AESS Best Student Paper Award


The Award

  • A plaque with inscription
  • AESS Conference travel grant/scholarship

Description

This award recognizes the potential in graduate student research to create new insights and impact in environmental science and studies, and to engage with environmental policy and practice.  Empirical, theoretical, qualitative, or quantitative work is welcomed, and papers that use mixed methods are particularly welcomed.  The paper may be a work in progress, but must have methods/results, analysis and some conclusions, even if preliminary.

Eligibility

  • Graduate and post-graduate level students in any discipline.

Submission Guidelines

  • Students must submit a 5000 word research paper (maximum word count strictly enforced), authored by one or more students, by February 1st, to be awarded at the conference of the same year. Papers co-authored with advisors or other faculty and professionals will be considered if the student is the lead author with two or fewer co-authors. Submissions should include a cv and one letter of reference.
  • Send files in pdf format to awardscommittee@aessonline.org.
  • Drew F. Bush
    Ph.D. Candidate
    Department of Geography & School of Environment

    McGill University

    A guest scientist at the United States National Aeronautics and Space Administration’s (NASA) Goddard Institute for Space Studies (GISS) in New York, NY, Drew Bush is working to complete his McGill University doctoral dissertation in the Department of Geography and School of Environment. His research examines how inquiry-based teaching using a classroom adapted NASA-GISS global climate model (GCM) impacts student learning of climate change science. He has started the Be A Climate Modeler For A Week summer camp at McGill, conducted educational research at John Abbott College in Montreal, QC, and taught environmental studies students at New York University in New York, NY.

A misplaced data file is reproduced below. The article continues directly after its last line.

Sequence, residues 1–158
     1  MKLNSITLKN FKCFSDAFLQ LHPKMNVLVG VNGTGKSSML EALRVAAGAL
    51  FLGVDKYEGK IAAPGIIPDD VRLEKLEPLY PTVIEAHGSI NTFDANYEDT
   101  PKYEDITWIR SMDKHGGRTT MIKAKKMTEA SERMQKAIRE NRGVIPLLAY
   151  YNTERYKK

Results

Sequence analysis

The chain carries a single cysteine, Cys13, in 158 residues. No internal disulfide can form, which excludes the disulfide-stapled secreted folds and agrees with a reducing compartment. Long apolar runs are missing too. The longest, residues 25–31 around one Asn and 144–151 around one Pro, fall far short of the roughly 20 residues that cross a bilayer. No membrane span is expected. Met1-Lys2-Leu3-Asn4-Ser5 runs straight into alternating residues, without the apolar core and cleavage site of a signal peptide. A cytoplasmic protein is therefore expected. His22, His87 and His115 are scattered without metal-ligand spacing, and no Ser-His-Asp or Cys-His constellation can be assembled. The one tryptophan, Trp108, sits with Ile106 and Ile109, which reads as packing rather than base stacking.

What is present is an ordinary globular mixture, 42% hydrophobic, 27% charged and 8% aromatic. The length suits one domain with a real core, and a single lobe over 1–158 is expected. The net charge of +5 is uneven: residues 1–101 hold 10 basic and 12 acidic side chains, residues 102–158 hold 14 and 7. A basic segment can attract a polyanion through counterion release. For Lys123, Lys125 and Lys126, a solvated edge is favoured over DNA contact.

• N.K. Chung
    Environmental Outreach Organizer

    N.K. Chung is an Environmental Outreach Organizer where she grows and diversifies grassroots coalitions in raising awareness to a variety of environmental issues alongside the Hudson River in New York. Her research and experience includes water resource management, development, project evaluation, and analytical chemistry. Chung’s academic background in Analytical Chemistry (BS, Marist College, NY) and Environmental Science (MS, Pace University, NY) set the groundwork for her interest in the water crisis.  In 2014, she was a recipient of the US Fulbright award, where she spent some time in Sub-Saharan Africa studying water development and implementation of rural water services. From her thesis research, “Who is Empowering Whom? Divergent Perceptions of Water Empowerment in Swaziland’s Hhohho Region”, Chung identified a disconnect between development agency goals in creating empowerment and how rural communities perceive it. Her efforts continue to concentrate on engaging and connecting communities to environmental issues, specifically on the scarcity and quality of preserving and conserving our water resources.